Sometimes it takes an algorithm to improve the health of a population.
The project has been commissioned by the Teachers Health Foundation, a private charitable trust that is part of Teachers Federation Health.
Using the anonymised data from members’ health claims, Dr Wickramasuriya and his team hope to uncover patterns that will prompt further, targeted, research.
“One area that we are looking at is the co-morbidity of diseases,” he said.
“For example, it is already well-known that diabetes is associated with heart and kidney problems.
“When we apply machine-learning, we are hoping to uncover other unknown, but profound patterns among other diseases.”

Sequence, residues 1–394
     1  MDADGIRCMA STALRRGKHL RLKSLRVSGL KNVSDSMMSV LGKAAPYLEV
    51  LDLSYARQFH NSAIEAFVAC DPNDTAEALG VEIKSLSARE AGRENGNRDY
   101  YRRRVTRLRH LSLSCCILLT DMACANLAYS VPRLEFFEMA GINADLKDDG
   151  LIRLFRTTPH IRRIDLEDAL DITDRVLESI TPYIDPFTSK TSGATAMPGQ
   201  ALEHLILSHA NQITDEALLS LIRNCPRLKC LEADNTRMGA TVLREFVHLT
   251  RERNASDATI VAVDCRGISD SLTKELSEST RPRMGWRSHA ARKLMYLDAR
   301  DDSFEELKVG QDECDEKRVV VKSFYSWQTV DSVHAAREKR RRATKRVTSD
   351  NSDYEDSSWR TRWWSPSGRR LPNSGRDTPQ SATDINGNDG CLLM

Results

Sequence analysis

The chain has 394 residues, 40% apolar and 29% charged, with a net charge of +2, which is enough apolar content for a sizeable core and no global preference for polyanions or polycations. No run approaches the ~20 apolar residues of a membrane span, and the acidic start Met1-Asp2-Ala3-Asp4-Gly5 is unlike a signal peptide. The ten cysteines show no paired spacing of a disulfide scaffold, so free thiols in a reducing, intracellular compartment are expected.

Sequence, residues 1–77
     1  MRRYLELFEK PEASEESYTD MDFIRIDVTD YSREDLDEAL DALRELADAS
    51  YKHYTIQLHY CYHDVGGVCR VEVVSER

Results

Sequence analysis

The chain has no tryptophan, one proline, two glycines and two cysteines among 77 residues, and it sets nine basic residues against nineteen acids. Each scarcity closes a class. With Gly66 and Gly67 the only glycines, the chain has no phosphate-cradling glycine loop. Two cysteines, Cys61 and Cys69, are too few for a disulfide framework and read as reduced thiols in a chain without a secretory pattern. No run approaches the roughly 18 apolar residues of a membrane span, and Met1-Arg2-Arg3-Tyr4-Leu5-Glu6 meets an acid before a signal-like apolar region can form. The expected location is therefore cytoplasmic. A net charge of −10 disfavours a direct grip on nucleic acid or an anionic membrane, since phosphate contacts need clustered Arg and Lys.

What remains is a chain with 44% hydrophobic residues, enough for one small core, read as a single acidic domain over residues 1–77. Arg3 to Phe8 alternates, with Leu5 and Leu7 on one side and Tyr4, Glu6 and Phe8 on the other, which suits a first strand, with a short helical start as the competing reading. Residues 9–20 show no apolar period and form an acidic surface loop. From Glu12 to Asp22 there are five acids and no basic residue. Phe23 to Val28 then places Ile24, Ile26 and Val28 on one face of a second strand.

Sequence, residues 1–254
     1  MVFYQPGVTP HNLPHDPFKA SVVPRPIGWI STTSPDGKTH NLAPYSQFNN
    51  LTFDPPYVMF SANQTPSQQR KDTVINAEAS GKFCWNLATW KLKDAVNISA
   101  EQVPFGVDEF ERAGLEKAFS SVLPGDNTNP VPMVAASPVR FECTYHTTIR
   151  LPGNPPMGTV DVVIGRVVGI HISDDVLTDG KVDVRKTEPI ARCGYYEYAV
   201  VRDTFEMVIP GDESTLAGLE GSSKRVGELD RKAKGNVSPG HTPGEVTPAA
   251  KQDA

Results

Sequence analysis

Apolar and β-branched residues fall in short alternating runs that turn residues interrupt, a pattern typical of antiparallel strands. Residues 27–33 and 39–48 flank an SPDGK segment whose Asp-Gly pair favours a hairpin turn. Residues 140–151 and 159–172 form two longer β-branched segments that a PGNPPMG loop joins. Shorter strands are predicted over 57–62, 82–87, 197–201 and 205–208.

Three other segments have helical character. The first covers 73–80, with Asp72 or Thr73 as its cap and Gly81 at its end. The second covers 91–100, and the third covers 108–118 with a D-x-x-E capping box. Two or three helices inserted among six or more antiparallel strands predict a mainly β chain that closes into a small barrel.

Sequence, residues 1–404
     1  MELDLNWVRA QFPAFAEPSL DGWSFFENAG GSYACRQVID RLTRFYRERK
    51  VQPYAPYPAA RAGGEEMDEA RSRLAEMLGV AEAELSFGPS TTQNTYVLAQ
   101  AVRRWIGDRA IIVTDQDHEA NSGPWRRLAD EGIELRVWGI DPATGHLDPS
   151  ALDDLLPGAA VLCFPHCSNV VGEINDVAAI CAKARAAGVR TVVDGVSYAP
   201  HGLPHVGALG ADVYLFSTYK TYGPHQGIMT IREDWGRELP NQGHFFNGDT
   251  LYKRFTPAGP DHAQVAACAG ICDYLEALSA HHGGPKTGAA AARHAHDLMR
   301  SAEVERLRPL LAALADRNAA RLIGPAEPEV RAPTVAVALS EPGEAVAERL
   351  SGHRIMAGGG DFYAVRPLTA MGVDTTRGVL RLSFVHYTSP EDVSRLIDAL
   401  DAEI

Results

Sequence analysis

Although still in its early stages – the one-year project started in September last year – the approach is already yielding results.
The project – which is called ‘Uncovering prevalent and emerging health issues in the education sector through claims data analysis’ – intends to contribute to the wider community by researching and supporting a safe and healthy education system.
This will be achieved by identifying medical and health issues prevalent in the education sector and attempting to create the most effective ways of providing high quality care for teachers, lecturers and support staff.
SMART’s job is to develop systems to analyse claims information, enabling the Foundation to formulate appropriate and relevant research questions for future medical research grants.
Part of that work will include a comparison of findings with available population and public health data to identify any differences between teachers and the general population.